Radha Mitchell Biography
Radha Mitchell (Radha Rani Amber Indigo Ananda Mitchell) is an Australian actress born on 12th November 1973 in Melbourne, Victoria, Australia. She has starred in the films Pitch Black, Silent Hill, and Phone Booth.
Her mother is a model-turned-fashion-designer and her father is a filmmaker; the couple divorced when she was young. She attended St Michael’s Grammar School in St Kilda and graduated in 1992.
Radha Mitchell Career
In 1988 Radha Mitchell began her acting career on ABC TV’s Sugar and Spice. In 1994 she played a guest role in ‘Neighbours’ and later returned to play the regular role of Catherine O’Brien from 1996 to 1997.
In 1996, Mitchell made her feature film debut in Australian romantic comedy Love and Other Catastrophes.
In 1997 she starred in two films, High Art and Everything Put Together, both Independent Spirit Award winners. Other films—including Pitch Black opposite Vin Diesel, Phone Booth opposite Colin Farrell, and Man on Fire opposite Denzel Washington—soon followed.
Radha Mitchell received nominations for the ‘Best Leading Actress’ at the ‘Fangoria Chainsaw Award’ and the ‘Best Actor—Female’ award at the ‘Film Critics Circle of Australia Award’ for her brilliant performance in the starring role of ‘Georgia Perry’ in the 2003 Australian thriller ‘Visitors.’
Radha Mitchell gained recognition for her performance in the Academy Award–winning Finding Neverland, which co-starred Johnny Depp and Kate Winslet. This performance earned the cast a Screen Actors Guild Award nomination for Outstanding Cast in a Motion Picture.
Radha Mitchell Movies
- 1996: Love and Other Catastrophes as Danni
- 1998: High Art as Syd
- 1998: Cleopatra’s Second Husband as Sophie
- 1999: Sleeping Beauties as Cindy
- 1999: Kick as Tamara Spencer
- 2000: Everything Put Together as Angie
- 2000: Pitch Black as Carolyn Fry
- 2000: Cowboys and Angels as JoJo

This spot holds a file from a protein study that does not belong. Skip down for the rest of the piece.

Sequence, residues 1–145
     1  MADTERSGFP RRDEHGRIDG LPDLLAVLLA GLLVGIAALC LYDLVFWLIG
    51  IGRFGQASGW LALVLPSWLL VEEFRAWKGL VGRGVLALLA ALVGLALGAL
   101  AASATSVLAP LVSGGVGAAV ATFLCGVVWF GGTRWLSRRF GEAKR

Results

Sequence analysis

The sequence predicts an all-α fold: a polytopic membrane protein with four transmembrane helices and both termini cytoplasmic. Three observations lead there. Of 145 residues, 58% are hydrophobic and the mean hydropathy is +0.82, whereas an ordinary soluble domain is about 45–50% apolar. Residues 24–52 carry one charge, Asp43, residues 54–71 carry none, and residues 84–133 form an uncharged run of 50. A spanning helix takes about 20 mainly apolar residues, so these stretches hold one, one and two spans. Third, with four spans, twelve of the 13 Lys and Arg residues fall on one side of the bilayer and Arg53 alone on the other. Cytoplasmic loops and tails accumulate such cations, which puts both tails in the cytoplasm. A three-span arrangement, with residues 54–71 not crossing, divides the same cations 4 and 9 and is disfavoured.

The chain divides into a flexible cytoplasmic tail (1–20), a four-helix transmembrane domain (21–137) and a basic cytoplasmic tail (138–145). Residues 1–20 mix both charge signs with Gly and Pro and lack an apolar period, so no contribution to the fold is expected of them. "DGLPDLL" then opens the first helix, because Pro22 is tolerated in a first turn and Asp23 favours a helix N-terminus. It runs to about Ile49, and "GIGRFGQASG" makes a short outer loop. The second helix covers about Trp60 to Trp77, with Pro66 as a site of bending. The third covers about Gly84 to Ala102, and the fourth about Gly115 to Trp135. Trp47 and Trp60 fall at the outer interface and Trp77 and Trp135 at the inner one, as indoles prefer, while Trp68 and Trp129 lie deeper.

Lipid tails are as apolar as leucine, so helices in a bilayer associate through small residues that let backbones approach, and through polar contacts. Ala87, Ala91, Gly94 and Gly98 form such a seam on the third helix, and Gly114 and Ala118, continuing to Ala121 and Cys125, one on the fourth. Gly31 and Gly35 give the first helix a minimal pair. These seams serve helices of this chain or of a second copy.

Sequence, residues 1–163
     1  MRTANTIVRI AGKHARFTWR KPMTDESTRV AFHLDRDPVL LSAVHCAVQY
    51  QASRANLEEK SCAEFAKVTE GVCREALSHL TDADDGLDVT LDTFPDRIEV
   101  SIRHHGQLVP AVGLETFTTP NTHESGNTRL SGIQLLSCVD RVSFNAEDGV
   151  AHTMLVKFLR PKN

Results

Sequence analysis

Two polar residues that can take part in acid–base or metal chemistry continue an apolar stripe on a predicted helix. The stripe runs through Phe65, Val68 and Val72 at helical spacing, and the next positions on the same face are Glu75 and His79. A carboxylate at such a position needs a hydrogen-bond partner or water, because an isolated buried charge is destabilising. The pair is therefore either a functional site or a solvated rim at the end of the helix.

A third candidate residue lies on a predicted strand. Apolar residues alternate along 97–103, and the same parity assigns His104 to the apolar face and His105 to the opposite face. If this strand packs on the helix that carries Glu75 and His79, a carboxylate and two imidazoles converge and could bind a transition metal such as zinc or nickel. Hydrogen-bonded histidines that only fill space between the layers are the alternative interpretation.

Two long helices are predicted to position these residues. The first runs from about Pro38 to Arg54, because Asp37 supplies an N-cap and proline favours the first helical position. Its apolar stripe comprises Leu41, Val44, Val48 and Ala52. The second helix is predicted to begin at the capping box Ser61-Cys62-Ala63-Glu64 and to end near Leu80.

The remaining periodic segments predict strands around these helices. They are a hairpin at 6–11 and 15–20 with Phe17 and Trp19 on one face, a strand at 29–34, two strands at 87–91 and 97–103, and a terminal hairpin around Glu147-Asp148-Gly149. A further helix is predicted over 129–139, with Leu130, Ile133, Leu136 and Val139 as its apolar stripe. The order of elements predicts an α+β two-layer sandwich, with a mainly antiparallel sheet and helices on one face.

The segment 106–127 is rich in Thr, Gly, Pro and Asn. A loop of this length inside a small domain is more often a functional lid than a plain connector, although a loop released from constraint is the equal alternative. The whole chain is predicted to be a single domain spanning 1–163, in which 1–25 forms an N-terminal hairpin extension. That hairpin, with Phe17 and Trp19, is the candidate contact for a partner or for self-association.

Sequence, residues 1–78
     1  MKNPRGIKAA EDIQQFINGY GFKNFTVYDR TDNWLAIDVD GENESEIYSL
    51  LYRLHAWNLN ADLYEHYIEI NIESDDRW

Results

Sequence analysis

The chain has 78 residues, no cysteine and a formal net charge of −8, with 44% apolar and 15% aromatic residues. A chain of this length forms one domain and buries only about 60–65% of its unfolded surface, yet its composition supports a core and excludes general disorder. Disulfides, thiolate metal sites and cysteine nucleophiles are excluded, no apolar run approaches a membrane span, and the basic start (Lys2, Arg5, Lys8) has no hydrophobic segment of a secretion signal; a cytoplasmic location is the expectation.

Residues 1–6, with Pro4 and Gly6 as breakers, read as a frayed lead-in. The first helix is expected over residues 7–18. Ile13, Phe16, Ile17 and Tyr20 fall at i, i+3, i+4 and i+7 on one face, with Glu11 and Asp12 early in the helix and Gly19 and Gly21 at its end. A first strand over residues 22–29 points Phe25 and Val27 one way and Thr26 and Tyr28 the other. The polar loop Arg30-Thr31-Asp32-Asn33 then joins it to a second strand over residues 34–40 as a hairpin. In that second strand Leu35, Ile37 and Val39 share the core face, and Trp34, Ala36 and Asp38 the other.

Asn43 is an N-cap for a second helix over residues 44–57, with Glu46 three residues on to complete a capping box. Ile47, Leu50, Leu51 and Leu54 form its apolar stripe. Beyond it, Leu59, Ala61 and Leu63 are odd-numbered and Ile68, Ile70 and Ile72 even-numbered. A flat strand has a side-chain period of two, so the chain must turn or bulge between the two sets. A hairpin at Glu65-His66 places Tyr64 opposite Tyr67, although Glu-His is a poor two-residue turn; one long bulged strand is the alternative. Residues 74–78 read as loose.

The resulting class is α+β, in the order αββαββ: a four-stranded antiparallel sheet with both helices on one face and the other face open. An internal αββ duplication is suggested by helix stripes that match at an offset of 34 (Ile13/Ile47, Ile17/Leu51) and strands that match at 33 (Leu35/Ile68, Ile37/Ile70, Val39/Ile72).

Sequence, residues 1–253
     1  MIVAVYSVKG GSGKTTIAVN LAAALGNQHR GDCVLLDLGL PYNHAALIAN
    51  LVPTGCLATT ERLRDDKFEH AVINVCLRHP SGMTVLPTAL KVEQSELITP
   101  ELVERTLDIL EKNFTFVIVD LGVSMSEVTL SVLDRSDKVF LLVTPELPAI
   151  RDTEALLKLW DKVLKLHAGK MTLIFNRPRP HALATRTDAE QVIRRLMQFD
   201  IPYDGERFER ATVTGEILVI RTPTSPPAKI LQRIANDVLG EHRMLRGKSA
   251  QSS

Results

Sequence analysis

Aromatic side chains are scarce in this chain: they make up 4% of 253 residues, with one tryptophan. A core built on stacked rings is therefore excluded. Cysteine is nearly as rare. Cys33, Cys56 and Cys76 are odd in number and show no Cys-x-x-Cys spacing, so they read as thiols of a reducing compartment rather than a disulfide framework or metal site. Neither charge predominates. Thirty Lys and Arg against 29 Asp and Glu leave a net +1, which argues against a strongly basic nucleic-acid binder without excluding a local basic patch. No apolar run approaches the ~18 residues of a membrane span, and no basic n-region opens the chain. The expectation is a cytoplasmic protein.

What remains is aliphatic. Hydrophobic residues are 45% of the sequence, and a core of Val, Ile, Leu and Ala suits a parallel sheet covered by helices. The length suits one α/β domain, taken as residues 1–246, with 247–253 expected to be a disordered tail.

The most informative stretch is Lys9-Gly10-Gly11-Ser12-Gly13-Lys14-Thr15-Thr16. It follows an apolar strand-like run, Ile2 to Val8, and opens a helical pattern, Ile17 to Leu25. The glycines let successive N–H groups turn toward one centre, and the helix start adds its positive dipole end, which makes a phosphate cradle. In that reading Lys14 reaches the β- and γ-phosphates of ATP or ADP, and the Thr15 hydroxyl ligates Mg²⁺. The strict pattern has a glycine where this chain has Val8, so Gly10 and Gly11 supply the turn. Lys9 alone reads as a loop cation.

- 2001: Ten Tiny Love Stories as Herself
- 2001: Nobody’s Baby as Shauna Louise
- 2001: When Strangers Appear as Beth
- 2002: Dead Heat as Charlotte LaMarr
- 2002: Phone Booth as Kelly Shepard
- 2002: Four Reasons as Girl
- 2003: Visitors as Georgia Perry
- 2004: Man on Fire as Lisa Martin Ramos
- 2004: Finding Neverland as Mary Ansell Barrie
- 2004: Melinda and Melinda as Melinda
- 2004: Mozart and the Whale as Isabelle Sorenson
- 2006: Silent Hill as Rose Da Silva
- 2006: The Half Life of Timofey Berezin (Pu-239) as Marina
- 2007: Feast of Love as Diana Croce
- 2007: Rogue as Kate Ryan
- 2008: Henry Poole Is Here as Dawn Stupek
- 2008: The Children of Huang Shi as Lee Pearson
- 2008: What We Take from Each Other as Thief of Hearts
- 2009: Thick as Thieves as Alexandra Korolenko
- 2009: Surrogates as Agent Jennifer Peters
- 2009: The Waiting City as Fiona Simmons
- 2010: The Crazies as Judy Dutton
- 2012: Silent Hill: Revelation 3D as Rose Da Silva
- 2012: Big Sur as Carolyn Cassady
- 2013: Olympus Has Fallen as Leah Banning
- 2013: The Frozen Ground as Allie Halcombe
- 2013: Standing Up as Meg Golden
- 2013: Expecting as Lizzie
- 2013: Evidence as Detective Burquez
- 2014: Bird People as Elisabeth Newman
- 2014: Fugly! as Lara Perry
- 2016: London Has Fallen as Leah Banning
- 2016: The Darkness as Bronny Taylor
- 2016: Looking for Grace
- 2016: Whoever Was Using This Bed as Iris
- 2016: Sacrifice as Tora Hamilton
- 2017: The Shack as Nan
- 2018: Swinging Safari as Jo Jones
- 2018: Celeste as Celeste
- 2018: The World Without You as Lily
Radha Mitchell Boyfriend
In 2006, she was linked to New Zealand actor Martin Henderson. Their affair did not last for a long time and separated in a short time. After separating him, she has not dated anyone publicly.
Radha Mitchell Interview
Interviewer: Great to speak with you today, Radha. What was it that popped out to you when you were first approached for The Darkness that made you say, “Yeah, I really want to be a part of this?”
Radha Mitchell: Well, it was just the opportunity to destroy the Brady Bunch. Let’s pull these characters apart—their perfect life, their perfect house—and let’s expose the darkness, because everybody’s got a secret, right? That’s the other thing that’s strangling them. Their own internal struggle is quite interesting, to have them be desperate to stay connected and forced to confront this fear which is almost like a physical manifestation of their internal paranoia. So it was this psychological element that was intriguing.